the president will start for the national
capital but it is hoped that Mrs. McKin
ley will be able to travel within h. few
dayj. Secretary Long left this morning
who is m Sprlngs to vi<3lt hi 3 daughter
President McKinley is Ir. receipt of
.bnsland, President Loubet, of France
and many other European potentates In-
Vrl rt ns f^ to r8- McKinleys condition"
Among the callers on tho president to
day was Calvin Titus, tiMHn-st American
soldier to mount the v:?.ils of Pekin
She°rld ra tUrned Friday °r the transPo -t
MRS. DOWIE IN BOSTON.
Wife of Chi<tajjr« Zionist Scoffs at Re
BOSTON, May 19.-Mrs. John A. Dowlc.
overseer of the ''Christian Catholic Church)
of Zion," with headquarters in Chicago,
and wife of Rev. John Alexander -DowV
the ' general overseer" of tho sam•■•'
spoke * befoTe the Boston Zlon church
this afternoon. In opening she said she
was much disturbed by press reports
of happenings at tho Z!cn at Chicago.
"1 hen without mentioning any names sho
took up the case of Mrs. Judd, the Chi
cago Zionist, whose death occurred re
cently in that city. She ridiculed the
uproar that followed thU death. In on"
way, however, she iegai\\ecl the clamo* 1
as a compliment. She said that If people
■nad no faith there could be no faith
"S^h^Vf'A 1"^ wer6 unconscious
She C then told the story of a man whoso
house was burned down and who rescued
his wife and child, although they were
burned. She said the Hurrane society
M?l ay,'hl9 ch2 d because he would
«o iS 1 ♦i. lt have niedlcal treatment. She
said this was a cruel thing. She told
of the work of the church In London and
&t?U ISSS. ew WhlCh shQ -«
Dle» at Aam Arbor.
ANN ARBOR, Mich., May IS —W J
Crocker, of Adrian, Mich., who came
here several days ago to attend a meeting
2? c^ Oa HCl Of re^nt3 of the university!
of which he was a member, died tonight!
after a brcif illness, of heart disease U
Stil!water Team Beaten.
STII^WATER May 19.-(Speclal.)
--ihe Haywood Manufacturing company
team of Minneapolis, today defeated tho
Joseph Wolf team, of StUlwater, at a
game of ball on local grounds by a
score of 17 to 16. '
Mr. Mayall'a Condition UnchAnjjed.
The condition of James H. Mayall vram
reported last night by Dr. Greef. the at
tending physician, as practically un
changed. He Is gradually declining, and
th« end may come at any ume, or be
may linger for several days.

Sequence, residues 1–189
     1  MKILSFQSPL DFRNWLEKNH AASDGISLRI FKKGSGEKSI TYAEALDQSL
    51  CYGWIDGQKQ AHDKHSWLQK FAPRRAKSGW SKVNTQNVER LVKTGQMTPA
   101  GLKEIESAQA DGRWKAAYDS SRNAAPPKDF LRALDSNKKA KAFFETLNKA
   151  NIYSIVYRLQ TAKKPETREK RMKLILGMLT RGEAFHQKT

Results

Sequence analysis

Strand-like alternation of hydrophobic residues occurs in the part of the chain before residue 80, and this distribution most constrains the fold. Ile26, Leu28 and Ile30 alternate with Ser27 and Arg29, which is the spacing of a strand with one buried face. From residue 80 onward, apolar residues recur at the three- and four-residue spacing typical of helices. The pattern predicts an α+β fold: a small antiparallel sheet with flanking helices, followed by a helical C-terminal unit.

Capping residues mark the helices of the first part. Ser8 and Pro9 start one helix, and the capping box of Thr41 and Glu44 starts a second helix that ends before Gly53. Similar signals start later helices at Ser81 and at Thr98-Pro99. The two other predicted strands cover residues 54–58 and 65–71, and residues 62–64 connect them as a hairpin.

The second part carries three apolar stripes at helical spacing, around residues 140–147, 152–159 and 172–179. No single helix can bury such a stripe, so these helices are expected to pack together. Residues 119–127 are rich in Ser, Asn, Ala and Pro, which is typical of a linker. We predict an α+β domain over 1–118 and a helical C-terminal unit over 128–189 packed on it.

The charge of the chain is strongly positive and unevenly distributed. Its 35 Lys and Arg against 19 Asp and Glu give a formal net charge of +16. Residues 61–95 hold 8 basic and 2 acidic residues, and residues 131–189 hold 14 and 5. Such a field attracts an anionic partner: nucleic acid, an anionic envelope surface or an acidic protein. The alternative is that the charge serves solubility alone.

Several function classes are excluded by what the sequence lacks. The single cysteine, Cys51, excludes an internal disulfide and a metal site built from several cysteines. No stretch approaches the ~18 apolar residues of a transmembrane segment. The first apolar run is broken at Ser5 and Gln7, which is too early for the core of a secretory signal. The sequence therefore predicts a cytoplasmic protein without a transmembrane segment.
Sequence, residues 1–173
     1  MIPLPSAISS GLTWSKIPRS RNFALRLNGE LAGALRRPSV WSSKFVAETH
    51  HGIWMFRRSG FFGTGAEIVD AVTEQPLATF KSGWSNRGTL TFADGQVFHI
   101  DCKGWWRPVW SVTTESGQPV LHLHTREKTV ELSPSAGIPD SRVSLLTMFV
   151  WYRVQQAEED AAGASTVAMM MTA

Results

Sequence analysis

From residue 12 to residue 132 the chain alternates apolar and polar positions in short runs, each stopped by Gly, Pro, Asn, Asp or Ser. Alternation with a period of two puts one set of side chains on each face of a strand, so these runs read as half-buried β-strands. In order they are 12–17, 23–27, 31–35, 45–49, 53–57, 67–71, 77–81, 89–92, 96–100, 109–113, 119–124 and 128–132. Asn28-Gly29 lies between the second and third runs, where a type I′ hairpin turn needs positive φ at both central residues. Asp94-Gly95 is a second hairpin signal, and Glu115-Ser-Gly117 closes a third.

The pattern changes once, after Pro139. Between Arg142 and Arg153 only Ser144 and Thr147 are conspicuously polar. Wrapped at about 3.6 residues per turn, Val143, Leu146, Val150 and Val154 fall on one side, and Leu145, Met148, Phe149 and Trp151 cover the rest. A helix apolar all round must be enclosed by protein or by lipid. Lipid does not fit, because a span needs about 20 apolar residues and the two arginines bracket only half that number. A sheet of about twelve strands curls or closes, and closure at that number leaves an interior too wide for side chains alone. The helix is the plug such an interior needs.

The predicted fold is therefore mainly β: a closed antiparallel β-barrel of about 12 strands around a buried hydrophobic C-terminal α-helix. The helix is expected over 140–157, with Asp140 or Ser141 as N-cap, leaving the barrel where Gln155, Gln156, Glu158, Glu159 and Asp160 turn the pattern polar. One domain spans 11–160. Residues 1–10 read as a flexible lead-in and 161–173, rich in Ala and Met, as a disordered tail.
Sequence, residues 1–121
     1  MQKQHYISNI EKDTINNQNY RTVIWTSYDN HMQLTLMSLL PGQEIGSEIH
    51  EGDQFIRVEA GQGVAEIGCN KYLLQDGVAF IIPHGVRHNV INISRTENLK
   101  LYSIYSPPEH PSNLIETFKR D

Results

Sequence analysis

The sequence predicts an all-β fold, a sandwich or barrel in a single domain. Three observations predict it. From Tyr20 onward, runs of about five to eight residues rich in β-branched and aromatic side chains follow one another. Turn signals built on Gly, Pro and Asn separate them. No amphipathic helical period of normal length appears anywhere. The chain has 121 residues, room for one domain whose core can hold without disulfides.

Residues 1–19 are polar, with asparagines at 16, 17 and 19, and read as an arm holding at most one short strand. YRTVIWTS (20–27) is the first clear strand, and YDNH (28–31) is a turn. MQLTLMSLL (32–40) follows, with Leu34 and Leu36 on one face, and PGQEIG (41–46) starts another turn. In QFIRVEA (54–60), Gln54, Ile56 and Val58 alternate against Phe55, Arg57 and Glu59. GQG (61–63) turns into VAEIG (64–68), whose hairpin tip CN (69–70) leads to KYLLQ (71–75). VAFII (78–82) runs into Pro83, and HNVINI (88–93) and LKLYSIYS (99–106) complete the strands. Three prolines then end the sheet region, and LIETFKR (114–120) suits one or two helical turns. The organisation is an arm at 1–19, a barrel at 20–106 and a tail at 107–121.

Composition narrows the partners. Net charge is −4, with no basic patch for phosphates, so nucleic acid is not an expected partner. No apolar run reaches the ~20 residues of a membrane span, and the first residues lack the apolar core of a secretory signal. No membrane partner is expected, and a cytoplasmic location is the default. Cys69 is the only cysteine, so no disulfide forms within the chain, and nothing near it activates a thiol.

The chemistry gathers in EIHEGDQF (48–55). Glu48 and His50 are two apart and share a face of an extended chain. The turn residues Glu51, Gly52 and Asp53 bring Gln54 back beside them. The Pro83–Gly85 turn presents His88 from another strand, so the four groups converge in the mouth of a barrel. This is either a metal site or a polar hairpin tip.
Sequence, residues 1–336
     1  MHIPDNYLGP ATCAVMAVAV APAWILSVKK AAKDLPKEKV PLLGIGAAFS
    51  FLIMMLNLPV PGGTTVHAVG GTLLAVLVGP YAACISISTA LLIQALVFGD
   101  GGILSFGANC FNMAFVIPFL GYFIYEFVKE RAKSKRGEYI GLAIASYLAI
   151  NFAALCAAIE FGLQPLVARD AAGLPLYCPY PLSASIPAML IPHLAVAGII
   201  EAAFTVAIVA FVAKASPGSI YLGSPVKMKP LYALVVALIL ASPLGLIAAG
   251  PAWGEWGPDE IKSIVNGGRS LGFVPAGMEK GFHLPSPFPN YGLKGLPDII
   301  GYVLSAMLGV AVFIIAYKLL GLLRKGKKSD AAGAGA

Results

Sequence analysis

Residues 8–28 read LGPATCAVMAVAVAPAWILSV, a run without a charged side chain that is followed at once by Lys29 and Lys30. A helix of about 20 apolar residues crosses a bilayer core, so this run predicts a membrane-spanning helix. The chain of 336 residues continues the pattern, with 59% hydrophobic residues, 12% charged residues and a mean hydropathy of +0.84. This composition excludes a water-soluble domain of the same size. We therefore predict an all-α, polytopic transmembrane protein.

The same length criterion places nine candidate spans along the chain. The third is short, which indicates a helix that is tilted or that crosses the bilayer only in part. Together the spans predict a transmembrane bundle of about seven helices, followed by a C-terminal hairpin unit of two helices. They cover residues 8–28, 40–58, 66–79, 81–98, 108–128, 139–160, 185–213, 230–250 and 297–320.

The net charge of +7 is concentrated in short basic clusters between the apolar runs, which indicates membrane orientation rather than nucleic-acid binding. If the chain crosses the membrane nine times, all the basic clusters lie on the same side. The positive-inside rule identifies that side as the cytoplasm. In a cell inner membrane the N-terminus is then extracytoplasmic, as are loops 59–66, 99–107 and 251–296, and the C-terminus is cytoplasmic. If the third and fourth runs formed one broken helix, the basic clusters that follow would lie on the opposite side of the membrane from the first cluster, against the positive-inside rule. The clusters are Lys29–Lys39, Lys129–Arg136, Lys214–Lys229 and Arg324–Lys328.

[Advertisers may remember that
the average daily circulation for
December last was 17,201. For
April last it was 19,060. Therefore
an increase of nearly 2,000 has
been made since the beginning of
the current year.]
Ernest P. Hopwood, superintendent
of circulation of the St. Paul Globe,
being duly sw;rn, deposes and says that
the actual circulation cf the St. Paul
Globe for the month of April, 1901 was
Total for the month -571,800
Average per day 19,060
ERNEST P. HOPWOOD.
t ,.St s ( c, ri J b!d and sworn to before me
this 30th day ct April, 1901.
H. P. PORTER.
n??^7«. Pub, llc ' Ramsey Co., Minn.
FURTHER FROOF IS READY.
The Globe inviles anyone and every*
one interested to, at any time, make'a
tull scrutiny of Us circulation lists and
records and to visit its press and mail
ing departments to check and keep tab
on the number of papers printed and the
disposition made cf the same,
ECLISPE PAETLY SUCCEEDS.
Report From Dr. Burton Indicate*
a Satisfactory Experiment
opr?h ST°.r' May 19,-Pre.klent Prltchett
nology Massachusetts Institute of Tech-
Prof. Burton, in t(>day ft , catolenram from
i-ror. t>urton, in charge of tho institnt<u'«
eclipse Partyn ann°UnC:n ~ thtf 5S2awS
l.ad been » part! v B«ccessful. The wither
1 ,?. ,?\ rtly cloud -v during the ecliDso
ul^ft f/,° Ur contact 3 'vcro°vi S ibie. and a
beautiful corona was shown at total tv
.... en lasted six minutes. Photographs
of the corona were obtained, butfth*
most interesting and novel work of tho
party consisted in tho ob^
Mnds -^graphically or tho shadow
« ffi^S^g Si
their size and direction. No atteroDtVhaa